It's time to drop the 'Empire' from Birthday Honours

A plaque commemorating the 1919 Amritsar Massacre - where British soldiers murdered at least 379 people

A plaque commemorating the 1919 Amritsar Massacre - where British soldiers murdered at least 379 people - Credit: Adam Jones / Creative Commons

What does the British Empire mean to you?

As is made abundantly clear - though perhaps it ought to have been so already - by the recent book Empireland by Gospel Oak author Sathnam Sanghera, the British Empire was and remains responsible for much that is hard to stomach about this country's past. 

From the Amritsar massacre to our involvement in the transatlantic slave trade, it is beyond all doubt that we did some truly terrible things in the name of Empire. 

And as Empireland clearly and carefully argues, the British Empire's doings continue to influence insidious racism in the UK today. 

One of the ways this happens is that twice a year we give some of the most talented and inspiring people in the country a special set of awards - the New Year's and Birthday Honours.

This year, and for the past few awards cycles, more and more recipients have spoken about the - at best - discomfort they feel to get a wonderful award which is marked by its uncritical connection to the British Empire.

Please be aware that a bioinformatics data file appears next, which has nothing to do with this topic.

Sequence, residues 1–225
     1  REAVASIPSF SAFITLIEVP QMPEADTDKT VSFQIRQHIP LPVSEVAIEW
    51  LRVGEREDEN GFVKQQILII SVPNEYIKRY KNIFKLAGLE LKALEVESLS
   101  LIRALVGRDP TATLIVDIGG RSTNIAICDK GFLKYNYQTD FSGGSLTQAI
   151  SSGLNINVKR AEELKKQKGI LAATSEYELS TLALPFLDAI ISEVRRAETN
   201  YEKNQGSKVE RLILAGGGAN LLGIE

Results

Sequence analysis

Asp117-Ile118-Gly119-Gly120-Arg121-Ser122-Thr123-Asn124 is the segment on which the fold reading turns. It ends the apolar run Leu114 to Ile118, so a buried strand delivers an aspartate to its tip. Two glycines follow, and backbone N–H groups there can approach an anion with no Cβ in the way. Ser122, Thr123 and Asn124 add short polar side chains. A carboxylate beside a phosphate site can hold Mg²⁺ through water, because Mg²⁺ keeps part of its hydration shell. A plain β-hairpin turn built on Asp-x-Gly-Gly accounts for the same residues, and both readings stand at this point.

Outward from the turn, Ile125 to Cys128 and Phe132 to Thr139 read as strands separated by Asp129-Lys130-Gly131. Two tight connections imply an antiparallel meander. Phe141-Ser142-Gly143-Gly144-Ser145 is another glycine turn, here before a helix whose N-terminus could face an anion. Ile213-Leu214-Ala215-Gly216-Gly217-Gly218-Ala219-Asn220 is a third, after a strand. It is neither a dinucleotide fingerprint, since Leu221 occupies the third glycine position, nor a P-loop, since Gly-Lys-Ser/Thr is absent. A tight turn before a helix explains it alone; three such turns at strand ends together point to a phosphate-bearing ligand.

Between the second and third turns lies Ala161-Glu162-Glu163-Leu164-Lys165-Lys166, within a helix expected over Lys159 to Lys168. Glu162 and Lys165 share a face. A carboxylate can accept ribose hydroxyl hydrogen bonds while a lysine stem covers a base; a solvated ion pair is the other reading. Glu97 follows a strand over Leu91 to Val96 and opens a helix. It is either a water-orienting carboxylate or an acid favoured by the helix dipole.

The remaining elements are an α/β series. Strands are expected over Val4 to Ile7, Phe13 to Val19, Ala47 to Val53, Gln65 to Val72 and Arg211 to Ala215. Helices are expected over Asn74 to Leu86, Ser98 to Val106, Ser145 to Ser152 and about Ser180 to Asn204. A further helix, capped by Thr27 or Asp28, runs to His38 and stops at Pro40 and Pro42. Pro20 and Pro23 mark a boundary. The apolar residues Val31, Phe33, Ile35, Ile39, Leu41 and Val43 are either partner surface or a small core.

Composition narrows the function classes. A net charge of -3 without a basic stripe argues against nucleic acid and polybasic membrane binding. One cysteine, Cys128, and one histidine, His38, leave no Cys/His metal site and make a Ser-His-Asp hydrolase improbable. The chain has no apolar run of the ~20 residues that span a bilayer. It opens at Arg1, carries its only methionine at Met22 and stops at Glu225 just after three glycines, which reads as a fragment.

Amika George, 21, has been made an MBE 

Amika George, 21, has been made an MBE - Credit: Amika George

Amika George put this well when the Ham&High spoke to her after becoming this year's youngest new MBE. 

Amika - who readers may recognise from a feature back in 2017 when she first set up the organisation Free Periods while she was a pupil at Henrietta Barnett School - is a young woman of colour who's rightfully being garlanded for doing some incredible campaigning work. 

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But she had to think twice about accepting such a brilliant honour - because being associated with the British Empire isn't, and shouldn't be, a positive thing. She said that she "wanted to speak up about how we need to shake off our collective national amnesia about our past". She's right.

This isn't an argument for rewriting history, rather one for facing up to the things we know to be true. 

So, how difficult is it going to be to change that E so it stands for "excellence"?